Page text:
Religious Exemptions and the Elane Photography Case:

I'm wondering whether the religious exemption question might be getting lost in our discussion of the compelled speech issue. The compelled speech issue is a First Amendment question, and thus arises everywhere, and for all photographers, so that is more important. But the religious exemption issue remains significant, since about half the jurisdictions have a general religious exemption rule (by statute or by interpretation of the state constitutional provision).

Recall that the New Mexico Religious Freedom Restoration Act provides that:

A government agency shall not restrict a person's free exercise of religion [i.e., an act or a refusal to act that is substantially motivated by religious belief] unless ... the application of the restriction to the person is essential to further a compelling governmental interest and is the least restrictive means of furthering that compelling governmental interest.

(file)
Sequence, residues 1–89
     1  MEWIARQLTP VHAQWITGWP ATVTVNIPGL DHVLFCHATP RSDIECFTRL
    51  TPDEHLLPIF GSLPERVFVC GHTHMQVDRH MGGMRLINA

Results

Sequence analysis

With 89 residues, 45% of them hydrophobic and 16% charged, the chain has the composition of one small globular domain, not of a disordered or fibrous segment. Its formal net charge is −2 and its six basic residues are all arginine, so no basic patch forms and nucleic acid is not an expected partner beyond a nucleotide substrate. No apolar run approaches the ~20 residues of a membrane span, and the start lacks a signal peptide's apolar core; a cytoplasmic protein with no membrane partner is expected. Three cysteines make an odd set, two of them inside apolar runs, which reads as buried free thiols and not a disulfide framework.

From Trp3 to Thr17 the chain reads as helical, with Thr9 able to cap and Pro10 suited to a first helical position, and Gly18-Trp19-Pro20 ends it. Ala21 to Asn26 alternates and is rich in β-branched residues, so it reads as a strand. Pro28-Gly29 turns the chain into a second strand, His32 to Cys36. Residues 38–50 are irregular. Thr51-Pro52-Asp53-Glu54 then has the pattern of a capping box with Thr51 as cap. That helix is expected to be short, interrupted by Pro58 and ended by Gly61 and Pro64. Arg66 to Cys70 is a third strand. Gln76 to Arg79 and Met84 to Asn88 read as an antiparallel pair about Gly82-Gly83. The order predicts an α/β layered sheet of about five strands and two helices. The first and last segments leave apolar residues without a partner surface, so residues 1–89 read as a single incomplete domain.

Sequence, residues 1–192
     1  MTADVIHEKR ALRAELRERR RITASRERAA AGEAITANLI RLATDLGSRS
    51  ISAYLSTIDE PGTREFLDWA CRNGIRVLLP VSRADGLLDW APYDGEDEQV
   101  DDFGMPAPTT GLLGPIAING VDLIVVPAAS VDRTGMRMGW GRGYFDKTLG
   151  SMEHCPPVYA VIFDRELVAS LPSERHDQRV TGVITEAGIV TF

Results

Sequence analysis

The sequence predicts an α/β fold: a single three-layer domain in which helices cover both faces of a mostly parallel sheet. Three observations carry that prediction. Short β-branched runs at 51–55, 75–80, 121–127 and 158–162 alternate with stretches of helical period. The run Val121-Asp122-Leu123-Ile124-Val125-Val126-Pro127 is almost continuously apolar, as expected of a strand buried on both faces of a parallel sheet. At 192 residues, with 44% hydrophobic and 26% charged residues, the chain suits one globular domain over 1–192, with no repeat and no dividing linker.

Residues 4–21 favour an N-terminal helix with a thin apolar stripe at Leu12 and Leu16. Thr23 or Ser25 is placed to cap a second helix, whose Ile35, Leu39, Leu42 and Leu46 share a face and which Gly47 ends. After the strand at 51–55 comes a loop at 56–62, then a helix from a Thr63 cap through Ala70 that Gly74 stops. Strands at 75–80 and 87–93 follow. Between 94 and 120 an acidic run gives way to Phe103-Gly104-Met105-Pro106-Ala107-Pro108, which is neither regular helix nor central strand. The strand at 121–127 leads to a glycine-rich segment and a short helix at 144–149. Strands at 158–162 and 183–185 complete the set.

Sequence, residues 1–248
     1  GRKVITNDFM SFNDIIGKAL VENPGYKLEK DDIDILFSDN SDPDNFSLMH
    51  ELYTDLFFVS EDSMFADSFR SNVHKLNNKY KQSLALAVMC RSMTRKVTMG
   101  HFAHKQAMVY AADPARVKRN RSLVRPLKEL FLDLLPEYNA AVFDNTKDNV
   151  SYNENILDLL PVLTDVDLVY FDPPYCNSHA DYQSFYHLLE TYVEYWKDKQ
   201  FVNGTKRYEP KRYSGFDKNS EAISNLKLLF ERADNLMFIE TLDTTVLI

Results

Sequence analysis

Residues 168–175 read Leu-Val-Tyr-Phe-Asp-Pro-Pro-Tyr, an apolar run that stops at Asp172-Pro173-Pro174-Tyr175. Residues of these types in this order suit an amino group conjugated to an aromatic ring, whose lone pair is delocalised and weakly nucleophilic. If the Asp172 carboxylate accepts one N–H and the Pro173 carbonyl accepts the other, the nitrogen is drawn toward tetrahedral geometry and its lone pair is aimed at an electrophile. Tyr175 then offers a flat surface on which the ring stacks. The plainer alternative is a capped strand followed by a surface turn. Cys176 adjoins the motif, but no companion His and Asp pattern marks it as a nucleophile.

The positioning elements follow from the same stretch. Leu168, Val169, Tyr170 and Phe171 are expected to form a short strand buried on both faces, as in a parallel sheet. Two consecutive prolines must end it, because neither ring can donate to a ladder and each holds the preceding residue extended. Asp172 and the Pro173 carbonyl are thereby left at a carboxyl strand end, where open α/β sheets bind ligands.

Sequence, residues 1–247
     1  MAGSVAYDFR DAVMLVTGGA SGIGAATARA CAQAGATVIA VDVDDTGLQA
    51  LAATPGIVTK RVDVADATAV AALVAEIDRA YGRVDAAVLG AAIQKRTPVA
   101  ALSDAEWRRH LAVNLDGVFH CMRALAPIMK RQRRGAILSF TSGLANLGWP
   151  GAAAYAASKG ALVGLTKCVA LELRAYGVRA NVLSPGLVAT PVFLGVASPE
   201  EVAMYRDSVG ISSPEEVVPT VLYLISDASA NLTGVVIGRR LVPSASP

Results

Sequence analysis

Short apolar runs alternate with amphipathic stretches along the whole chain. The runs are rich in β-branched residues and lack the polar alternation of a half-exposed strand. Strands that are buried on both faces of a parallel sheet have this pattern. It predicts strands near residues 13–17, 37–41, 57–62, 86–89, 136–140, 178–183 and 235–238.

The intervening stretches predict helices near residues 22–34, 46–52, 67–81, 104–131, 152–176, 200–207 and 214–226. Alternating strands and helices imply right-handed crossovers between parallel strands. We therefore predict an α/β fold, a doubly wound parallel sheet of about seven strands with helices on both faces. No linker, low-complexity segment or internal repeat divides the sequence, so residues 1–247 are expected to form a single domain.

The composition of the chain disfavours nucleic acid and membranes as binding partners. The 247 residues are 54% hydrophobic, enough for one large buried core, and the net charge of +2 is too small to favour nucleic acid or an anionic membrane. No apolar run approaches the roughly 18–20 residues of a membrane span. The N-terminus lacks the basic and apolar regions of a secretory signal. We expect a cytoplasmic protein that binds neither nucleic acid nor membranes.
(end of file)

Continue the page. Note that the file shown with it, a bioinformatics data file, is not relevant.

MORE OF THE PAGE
Assume, as seems to be the case, that Elaine Huguenin's refusal to photograph a same-sex commitment ceremony does seem to be substantially motivated by her religious belief. Is applying the antidiscrimination law to Huegenin really "essential to further a compelling governmental interest," especially given that there are doubtless many other Albuquerque photographers who would have no religious objections to photographing same-sex ceremonies? Will it even materially advance whatever compelling governmental interest is present, given that forcing photographers to photograph events that they find repugnant is not likely to produce the warm, affectionate photographs that couples want?

I discussed this more here, but I wanted to ask what you folks -- and especially those who defend the New Mexico Human Rights Commission decision -- think about this.